Now for the Zama... after drilling out per Terrys instructions and setting everything to factory spec, new kit etc. I changed carbs on site after one tank was run through with Walbro. Had H & L 1 turn out to start with and idle screw just touching. Had to do quite a bit of tinkering to get it to fire and run. I found I had to totally screw in idle screw to get it to stay running.....making progress. Finally got the low somewhat dialed in and able to back off idle just a bit...less than 1/4 turn. Getting it to the point of tune. It would stay running but seemed to load up and slow down a little at idle.

    Now for the GOOD news...the throttle responce is REMARKABLE....it actually blew me away. It was lighting fast from idle to top!!! I could stop the saw in a cut let it idle and just pull the trigger and it would just flat GO!!!!! No bog or sputter just flat start cutting with the bar buryed....my kinda saw!!!

    Like I said the Walbro is GOOD by this Zama just makes this saw scream with its mod's. I think one thing I will do is put a grove in the throttle plate to give it more air and try to regain some idle adjustment. It was starting and acting good by the time i quit but earlier the only way I could get it started was to pull the chock out to set fast idle then start....reasoning to think it needs more air.

    Power wish I'm not sure there was a differance. The Walbro was turning 10,500 to 11,300 in the cut and the Zama about 10,800. I was pushing both pretty hard and almost feel the Zama wouldn't bog as much dogging in. I may not have been turning as fast but I feel it pulled better.

    What I REALLY like about the Zama is the throttle responce. It still has some bugs but it's close. I don't know about needing any more size in the jets. I'm at 30/35 now per Terry and would hate to loose throttle responce. I am so astounded by it it's unreal...I'ts like a ported saw.

    The walbow again is really good, after the swap back to the Zama I would full heartedly recommend this mod!! The only difficult part is to get the saw started to tune in once you get it to run. The drilling process wasn't hard, but get a pair of those magnifying glasses...you'll need them. It makes it much easier to see the tiny drill bits your using

    Saw had a 24 inc bar and Oregon 72L chain with a 7 tooth sprocket. I was running Stihl ultra at 40/1 with straight 91 non ethanol. I forgot the 28 inch bar in my hast this morning...oooppsys.

    I hope this wasn't to long winded but I'm rather anal about things. I hope to get more tuning tips and recommondations.:)
     
  7. makguy

    makguy ArboristSite Operative

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    Just to clarify, these carb mods were on an otherwise stock 7900?
     
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  8. cgraham1

    cgraham1 I feel old

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    I'm pretty sure it's an 84cc big bore on a 6401 Makita. ;)
    image.jpg
     
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  9. Poleman

    Poleman Addicted to ArboristSite

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    No. They where on saw pictured in Clints post. I purchased it a couple weeks back. It's a 6401 With I think a Baileys 84cc Big Bore. Im going to get the carb nailed down then pull the base gasket and possibly port. Then go from there.

    I did put a notch in the throttle plate this afternoon a little smaller than on the jet side. I know have TOTALL adjustment. I put orininal idle screw back in and had to keed backing off to just touching to make it idle where I wanted. I was then able to richen the L to where I wanted it now because of low idel issues before. I sure the little change will increase low end tourqe......it was good before. It also retained the lightning fast throttle!!!!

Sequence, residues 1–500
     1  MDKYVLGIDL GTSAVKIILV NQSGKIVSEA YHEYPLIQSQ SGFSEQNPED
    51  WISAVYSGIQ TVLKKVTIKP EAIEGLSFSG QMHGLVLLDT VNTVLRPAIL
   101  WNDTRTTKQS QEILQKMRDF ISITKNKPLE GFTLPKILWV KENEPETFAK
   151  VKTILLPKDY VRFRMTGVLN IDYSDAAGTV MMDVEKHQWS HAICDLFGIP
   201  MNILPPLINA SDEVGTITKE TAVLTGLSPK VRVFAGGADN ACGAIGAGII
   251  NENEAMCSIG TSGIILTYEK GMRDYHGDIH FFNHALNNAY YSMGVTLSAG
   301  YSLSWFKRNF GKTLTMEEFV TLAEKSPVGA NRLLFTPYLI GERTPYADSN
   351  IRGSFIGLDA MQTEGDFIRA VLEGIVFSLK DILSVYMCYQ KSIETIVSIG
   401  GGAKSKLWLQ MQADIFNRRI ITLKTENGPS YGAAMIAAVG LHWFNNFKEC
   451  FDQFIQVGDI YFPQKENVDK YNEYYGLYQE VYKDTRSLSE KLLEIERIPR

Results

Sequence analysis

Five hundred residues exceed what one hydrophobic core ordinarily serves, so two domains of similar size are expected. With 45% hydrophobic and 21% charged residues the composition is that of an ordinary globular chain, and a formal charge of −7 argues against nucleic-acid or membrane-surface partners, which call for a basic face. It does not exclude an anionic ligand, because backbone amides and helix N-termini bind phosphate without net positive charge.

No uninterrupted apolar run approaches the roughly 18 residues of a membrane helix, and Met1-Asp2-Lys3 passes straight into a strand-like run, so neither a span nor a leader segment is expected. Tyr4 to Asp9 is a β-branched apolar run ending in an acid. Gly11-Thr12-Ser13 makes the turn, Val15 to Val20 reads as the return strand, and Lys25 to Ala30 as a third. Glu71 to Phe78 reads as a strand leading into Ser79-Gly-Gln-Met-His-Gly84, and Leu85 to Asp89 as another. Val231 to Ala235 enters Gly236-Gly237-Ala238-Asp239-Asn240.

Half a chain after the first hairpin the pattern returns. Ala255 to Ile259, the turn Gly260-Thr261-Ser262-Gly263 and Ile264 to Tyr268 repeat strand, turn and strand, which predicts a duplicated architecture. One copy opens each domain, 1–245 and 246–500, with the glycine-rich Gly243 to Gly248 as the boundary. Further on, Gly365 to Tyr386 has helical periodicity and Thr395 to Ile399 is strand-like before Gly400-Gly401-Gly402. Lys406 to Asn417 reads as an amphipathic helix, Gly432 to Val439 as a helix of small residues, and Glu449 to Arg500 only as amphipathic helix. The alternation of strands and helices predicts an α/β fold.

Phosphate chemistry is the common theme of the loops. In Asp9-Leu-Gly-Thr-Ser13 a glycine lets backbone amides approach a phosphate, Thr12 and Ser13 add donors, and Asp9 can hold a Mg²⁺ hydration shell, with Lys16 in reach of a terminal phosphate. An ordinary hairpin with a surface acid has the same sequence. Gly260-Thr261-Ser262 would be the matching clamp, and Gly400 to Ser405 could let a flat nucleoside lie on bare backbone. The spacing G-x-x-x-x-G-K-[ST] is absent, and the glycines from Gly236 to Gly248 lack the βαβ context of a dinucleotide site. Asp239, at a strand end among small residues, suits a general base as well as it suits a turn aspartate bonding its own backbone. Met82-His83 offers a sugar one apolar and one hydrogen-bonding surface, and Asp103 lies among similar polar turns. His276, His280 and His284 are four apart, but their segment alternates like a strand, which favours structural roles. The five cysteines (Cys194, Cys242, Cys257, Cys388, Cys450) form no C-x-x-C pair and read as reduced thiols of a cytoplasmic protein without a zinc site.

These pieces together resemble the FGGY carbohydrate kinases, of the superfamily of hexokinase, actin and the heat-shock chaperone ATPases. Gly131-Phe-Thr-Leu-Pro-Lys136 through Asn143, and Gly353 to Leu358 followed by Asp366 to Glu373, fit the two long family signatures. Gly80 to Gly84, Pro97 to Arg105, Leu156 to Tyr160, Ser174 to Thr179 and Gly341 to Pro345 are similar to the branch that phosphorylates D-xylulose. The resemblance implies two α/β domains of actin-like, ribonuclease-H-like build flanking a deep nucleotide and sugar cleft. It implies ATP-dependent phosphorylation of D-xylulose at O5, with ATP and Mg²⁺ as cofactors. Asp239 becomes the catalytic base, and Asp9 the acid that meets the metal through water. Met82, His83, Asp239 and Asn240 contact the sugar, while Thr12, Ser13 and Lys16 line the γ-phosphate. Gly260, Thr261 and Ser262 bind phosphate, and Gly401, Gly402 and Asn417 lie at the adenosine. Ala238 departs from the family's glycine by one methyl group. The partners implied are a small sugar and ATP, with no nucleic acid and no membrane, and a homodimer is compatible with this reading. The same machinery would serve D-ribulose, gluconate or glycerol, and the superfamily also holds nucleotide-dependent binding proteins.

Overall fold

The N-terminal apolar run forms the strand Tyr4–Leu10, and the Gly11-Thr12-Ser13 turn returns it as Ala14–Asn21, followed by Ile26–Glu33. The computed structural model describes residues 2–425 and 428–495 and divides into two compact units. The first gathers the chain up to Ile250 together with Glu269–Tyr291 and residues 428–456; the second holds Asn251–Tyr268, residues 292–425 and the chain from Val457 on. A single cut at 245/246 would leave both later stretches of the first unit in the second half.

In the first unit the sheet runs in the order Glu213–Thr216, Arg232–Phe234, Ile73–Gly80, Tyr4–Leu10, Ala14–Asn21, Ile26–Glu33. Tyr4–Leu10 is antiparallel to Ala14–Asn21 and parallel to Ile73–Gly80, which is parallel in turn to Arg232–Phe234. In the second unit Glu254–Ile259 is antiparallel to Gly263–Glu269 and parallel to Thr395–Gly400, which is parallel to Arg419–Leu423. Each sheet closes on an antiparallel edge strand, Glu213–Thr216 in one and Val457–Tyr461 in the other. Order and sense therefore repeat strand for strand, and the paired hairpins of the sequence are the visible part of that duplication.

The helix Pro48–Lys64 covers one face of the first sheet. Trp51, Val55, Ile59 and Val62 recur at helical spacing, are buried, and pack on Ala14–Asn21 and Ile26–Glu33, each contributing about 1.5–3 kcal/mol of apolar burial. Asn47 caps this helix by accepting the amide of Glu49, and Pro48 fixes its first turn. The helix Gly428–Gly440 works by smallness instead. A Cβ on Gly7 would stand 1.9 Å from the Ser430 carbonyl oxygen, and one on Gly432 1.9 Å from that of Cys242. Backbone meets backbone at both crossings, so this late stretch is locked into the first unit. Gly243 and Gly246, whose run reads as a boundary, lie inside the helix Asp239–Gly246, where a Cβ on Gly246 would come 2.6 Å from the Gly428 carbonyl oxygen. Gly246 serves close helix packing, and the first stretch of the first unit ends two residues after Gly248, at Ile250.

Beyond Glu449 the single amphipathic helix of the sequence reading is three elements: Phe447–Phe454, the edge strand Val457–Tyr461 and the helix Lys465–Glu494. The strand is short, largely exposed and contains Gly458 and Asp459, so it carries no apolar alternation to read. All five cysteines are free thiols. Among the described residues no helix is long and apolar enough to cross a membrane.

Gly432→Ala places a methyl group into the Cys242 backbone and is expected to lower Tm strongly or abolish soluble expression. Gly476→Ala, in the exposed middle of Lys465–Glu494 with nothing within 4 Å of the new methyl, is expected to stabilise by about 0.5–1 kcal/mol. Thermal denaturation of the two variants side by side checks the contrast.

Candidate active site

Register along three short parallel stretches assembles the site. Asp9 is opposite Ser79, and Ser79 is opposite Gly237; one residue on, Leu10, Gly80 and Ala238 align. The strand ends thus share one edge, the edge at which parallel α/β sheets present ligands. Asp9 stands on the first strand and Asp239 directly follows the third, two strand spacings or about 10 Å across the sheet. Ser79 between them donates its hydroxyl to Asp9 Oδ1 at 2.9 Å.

Sorry for any confusion I may have caused.
     
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  10. Terry Syd

    Terry Syd Addicted to ArboristSite

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    Poleman, good write up. I agree about nipping a bit off the throttle plate to try and get it to further lean out the idle, I did it to my carb and it worked to give me 1/4 idle adjustment with the stock needle. If you are only getting 1/4 now with the 044 needle, then reworking the throttle plate should give you more adjustment.

    What you call throttle response in the cut is actually the torque off the bottom of the power band. I've found that kind of effect in the carbs I've done.

    The 30/35 jetting may be the hot set-up or it may be that a 30/40 combination would give you a bit more off the bottom. As far as top-end power, you may be able to use the 30/40 and then lean out the high speed to give a flatter fuel curve and get more speed in smaller wood.

    If you had a second Zama to work with you could drill it to 30/40 and compare it to the 30/35 carb. That would be the ideal way to determine which jetting works best.

    The problem with the idle adjustment can be fixed with drilling a larger transition hole/s. I'll have to get my butt in gear and mod a carb. Pulling the idle jet out of the carb to get to the transition ports will be the biggest hassle, but do-able - I just wish Zama made screw-in jets.

    Edit: I see you posted while I was writing, great to hear the throttle plate mod worked.
     
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  11. Poleman

    Poleman Addicted to ArboristSite

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    Yep....I see a second Zama in my very near future!!!!!!!!!!
     
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  12. MCW

    MCW Somebody's talking crap here & it ain't the tree!

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    Hi Terry.
    Are your carby mods still on a stock 372XP (;)) BB end or have you ported it by now? The improvement I saw on Neil's saw (same as yours) with a simple muffler mod yet stock top end were huge. That was a bored out and modified 395XP carby - it showed me just how much fuel and air a stock saw can utilise when done properly.
     
  13. Terry Syd

    Terry Syd Addicted to ArboristSite